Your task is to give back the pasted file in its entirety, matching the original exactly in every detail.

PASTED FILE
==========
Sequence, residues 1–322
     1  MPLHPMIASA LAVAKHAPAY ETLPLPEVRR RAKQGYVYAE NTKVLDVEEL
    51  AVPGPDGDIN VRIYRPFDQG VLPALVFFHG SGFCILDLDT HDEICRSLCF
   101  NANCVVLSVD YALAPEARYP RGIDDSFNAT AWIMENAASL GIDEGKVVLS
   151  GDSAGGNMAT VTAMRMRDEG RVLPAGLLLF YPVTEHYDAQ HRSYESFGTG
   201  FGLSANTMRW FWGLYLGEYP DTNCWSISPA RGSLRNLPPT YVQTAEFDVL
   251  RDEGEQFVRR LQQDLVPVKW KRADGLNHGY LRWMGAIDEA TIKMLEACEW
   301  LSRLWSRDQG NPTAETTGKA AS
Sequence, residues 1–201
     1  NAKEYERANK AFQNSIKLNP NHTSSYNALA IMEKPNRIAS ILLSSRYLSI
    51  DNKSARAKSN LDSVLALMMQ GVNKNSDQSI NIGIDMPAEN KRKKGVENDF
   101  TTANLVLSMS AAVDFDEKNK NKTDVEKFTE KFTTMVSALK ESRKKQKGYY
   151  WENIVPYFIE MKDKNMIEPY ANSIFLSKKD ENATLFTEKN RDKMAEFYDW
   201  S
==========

Sequence, residues 1–322
     1  MPLHPMIASA LAVAKHAPAY ETLPLPEVRR RAKQGYVYAE NTKVLDVEEL
    51  AVPGPDGDIN VRIYRPFDQG VLPALVFFHG SGFCILDLDT HDEICRSLCF
   101  NANCVVLSVD YALAPEARYP RGIDDSFNAT AWIMENAASL GIDEGKVVLS
   151  GDSAGGNMAT VTAMRMRDEG RVLPAGLLLF YPVTEHYDAQ HRSYESFGTG
   201  FGLSANTMRW FWGLYLGEYP DTNCWSISPA RGSLRNLPPT YVQTAEFDVL
   251  RDEGEQFVRR LQQDLVPVKW KRADGLNHGY LRWMGAIDEA TIKMLEACEW
   301  LSRLWSRDQG NPTAETTGKA AS
Sequence, residues 1–201
     1  NAKEYERANK AFQNSIKLNP NHTSSYNALA IMEKPNRIAS ILLSSRYLSI
    51  DNKSARAKSN LDSVLALMMQ GVNKNSDQSI NIGIDMPAEN KRKKGVENDF
   101  TTANLVLSMS AAVDFDEKNK NKTDVEKFTE KFTTMVSALK ESRKKQKGYY
   151  WENIVPYFIE MKDKNMIEPY ANSIFLSKKD ENATLFTEKN RDKMAEFYDW
   201  S